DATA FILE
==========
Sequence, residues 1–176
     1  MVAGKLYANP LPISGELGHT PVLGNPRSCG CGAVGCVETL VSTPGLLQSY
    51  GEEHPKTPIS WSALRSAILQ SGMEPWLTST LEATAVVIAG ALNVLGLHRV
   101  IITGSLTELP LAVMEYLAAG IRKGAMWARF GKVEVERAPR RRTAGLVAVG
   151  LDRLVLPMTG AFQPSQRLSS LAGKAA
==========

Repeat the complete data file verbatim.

Sequence, residues 1–176
     1  MVAGKLYANP LPISGELGHT PVLGNPRSCG CGAVGCVETL VSTPGLLQSY
    51  GEEHPKTPIS WSALRSAILQ SGMEPWLTST LEATAVVIAG ALNVLGLHRV
   101  IITGSLTELP LAVMEYLAAG IRKGAMWARF GKVEVERAPR RRTAGLVAVG
   151  LDRLVLPMTG AFQPSQRLSS LAGKAA